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Current State of HMDA Reporting

August 25, 2014

When the Consumer Financial Protection Bureau (CFPB) proposed new rules to improve the Home Mortgage Disclosure Act (HMDA) reporting, it aimed to better collect data for enhancing transparency and promoting fair lending in the mortgage market. The proposed rules mainly expand the reporting requirements across wider range of loans that includes closed end loans, open-end lines of credit, and reverse mortgages.

Currently, HMDA data are reported by approximately 7400 financial firms on about 18.7 million loans and applications, according to Mortgage News Daily. The data collected has provided vital information with regards to housing trends, rooting out discrimination, and reaching underserved areas. Some industry experts believe that expanding the reporting scope will strengthen the scope of HMDA.  The additional information will provide regulators with a 360 degree view of all developments in the housing market, especially in areas such as underwriting and pricing. This will not only help regulators to investigate pain-points, but will also help them see opportunities to create more equitable housing policies.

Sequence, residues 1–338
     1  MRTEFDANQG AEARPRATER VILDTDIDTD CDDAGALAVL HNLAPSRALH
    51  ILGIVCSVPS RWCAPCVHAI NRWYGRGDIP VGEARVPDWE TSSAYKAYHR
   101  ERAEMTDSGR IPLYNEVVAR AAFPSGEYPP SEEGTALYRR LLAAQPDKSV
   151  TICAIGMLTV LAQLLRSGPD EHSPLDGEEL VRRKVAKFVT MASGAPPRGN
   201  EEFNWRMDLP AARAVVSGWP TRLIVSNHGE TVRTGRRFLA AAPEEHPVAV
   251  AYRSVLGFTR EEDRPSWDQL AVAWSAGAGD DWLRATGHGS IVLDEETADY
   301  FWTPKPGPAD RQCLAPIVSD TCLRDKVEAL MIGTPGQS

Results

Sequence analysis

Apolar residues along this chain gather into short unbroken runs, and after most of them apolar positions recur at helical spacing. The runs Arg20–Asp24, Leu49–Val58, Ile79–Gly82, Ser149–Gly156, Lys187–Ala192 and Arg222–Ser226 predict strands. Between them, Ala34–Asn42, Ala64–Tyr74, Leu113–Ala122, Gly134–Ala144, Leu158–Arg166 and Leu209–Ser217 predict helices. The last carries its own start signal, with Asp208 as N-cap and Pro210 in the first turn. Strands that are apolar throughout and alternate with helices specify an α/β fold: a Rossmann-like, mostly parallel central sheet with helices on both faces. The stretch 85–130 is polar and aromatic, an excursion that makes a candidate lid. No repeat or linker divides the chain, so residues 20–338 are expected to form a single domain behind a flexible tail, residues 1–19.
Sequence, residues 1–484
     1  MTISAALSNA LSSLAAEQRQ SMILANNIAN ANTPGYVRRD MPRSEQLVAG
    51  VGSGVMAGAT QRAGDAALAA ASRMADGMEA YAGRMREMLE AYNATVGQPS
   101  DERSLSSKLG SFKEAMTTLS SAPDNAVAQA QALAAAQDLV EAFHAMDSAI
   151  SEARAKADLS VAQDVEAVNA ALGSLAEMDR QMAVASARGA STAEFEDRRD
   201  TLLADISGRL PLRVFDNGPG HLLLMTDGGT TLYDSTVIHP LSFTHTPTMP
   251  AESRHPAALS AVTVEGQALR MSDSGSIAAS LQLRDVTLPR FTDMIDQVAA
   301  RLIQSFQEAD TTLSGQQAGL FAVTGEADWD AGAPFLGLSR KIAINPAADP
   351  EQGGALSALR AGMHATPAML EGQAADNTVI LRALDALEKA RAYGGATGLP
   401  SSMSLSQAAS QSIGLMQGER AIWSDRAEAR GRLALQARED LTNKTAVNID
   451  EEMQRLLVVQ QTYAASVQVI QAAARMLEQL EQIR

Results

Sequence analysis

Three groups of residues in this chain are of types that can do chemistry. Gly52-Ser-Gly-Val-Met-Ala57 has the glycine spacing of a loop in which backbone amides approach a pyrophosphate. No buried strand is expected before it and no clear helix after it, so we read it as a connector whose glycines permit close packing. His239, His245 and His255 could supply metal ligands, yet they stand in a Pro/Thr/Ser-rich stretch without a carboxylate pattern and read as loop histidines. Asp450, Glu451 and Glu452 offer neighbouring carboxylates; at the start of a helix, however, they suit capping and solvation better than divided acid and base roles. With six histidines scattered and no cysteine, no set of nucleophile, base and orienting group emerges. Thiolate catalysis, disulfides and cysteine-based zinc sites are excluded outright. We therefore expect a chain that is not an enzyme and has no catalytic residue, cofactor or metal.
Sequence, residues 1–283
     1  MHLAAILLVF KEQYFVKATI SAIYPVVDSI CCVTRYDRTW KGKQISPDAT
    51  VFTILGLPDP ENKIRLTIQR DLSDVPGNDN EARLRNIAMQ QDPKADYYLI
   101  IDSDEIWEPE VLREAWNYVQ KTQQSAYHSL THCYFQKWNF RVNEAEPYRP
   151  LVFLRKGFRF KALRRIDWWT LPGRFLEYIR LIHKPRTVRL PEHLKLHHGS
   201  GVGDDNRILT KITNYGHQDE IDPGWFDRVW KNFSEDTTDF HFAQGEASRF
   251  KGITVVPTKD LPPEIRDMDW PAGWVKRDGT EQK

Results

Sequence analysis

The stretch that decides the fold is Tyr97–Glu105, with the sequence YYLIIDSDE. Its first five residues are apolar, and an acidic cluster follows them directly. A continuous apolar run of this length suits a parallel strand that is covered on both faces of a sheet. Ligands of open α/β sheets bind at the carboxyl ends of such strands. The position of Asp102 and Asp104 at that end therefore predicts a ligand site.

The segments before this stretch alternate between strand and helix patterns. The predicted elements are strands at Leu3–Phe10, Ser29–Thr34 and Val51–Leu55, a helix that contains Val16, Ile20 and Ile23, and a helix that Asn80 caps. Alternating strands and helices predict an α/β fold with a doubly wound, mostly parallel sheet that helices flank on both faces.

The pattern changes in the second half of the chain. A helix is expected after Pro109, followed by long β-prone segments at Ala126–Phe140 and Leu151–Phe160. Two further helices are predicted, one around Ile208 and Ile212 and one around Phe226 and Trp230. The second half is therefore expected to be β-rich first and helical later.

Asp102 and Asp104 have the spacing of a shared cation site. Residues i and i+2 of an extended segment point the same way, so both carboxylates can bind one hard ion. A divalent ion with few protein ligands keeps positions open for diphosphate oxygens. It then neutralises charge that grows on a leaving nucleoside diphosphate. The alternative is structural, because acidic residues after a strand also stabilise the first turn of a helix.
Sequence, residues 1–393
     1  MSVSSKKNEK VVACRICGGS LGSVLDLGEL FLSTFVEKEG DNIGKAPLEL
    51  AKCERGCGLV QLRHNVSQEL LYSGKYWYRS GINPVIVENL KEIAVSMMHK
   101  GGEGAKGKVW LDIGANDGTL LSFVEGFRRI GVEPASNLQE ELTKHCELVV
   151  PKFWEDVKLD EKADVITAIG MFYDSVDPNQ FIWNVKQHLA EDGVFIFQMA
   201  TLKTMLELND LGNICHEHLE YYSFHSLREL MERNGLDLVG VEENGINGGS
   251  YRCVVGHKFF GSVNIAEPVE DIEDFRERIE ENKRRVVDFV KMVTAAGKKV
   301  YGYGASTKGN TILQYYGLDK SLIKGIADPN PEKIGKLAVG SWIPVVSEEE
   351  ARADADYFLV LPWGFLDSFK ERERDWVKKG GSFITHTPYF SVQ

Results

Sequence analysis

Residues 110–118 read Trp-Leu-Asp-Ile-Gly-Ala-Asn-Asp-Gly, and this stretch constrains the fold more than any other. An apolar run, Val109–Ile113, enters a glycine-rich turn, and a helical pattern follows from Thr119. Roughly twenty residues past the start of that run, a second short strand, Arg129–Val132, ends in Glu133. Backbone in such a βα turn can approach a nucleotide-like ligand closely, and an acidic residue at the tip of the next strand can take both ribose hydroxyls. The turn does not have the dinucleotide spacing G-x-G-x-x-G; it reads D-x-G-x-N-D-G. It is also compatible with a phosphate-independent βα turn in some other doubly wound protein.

Currently, lenders are concerned about the cost, complexity and data privacy of the new proposed rules. A recent survey by Mortgage TrueView found that many lenders make errors while reporting HMDA data, clearly indicating the fact that the industry grapples with data quality issues. Firms with large numbers of reported transactions are now required to report on a quarterly basis rather than an annual one, increasing operational and compliance costs for these lenders.

Although the CFPB is working towards aligning HMDA reporting with industry data standards, the task is far from being achieved. Major challenges in automating the HMDA database include creating standard integration interfaces with proprietary loan origination systems, as well as making sure that such integration does not expose proprietary processes.

 There has been a lot of talk about data privacy concerns over making the loan data available to public. Ballard Spahr, a law firm that closely tracks CFPB reforms, stated: “By combining HMDA data along with other publically available data, it is possible that the identity of specific consumers can be determined from the Loan Application Registers of mortgage lenders.”

CFPB and other industry participants should work together in developing an information filtering system that makes sure that sensitive customer data is only visible to lenders and regulators, rather than shared with the public.

With the mounting regulatory pressure for HMDA data reporting and the potential penalties associated with its reporting errors, it is vital for a firm to get its data gathering and reporting processes to be precise. The industry needs innovative technology tools that can make the reporting process workflows more efficient, ease the data formatting requirements and thus help firms prevent errors. 

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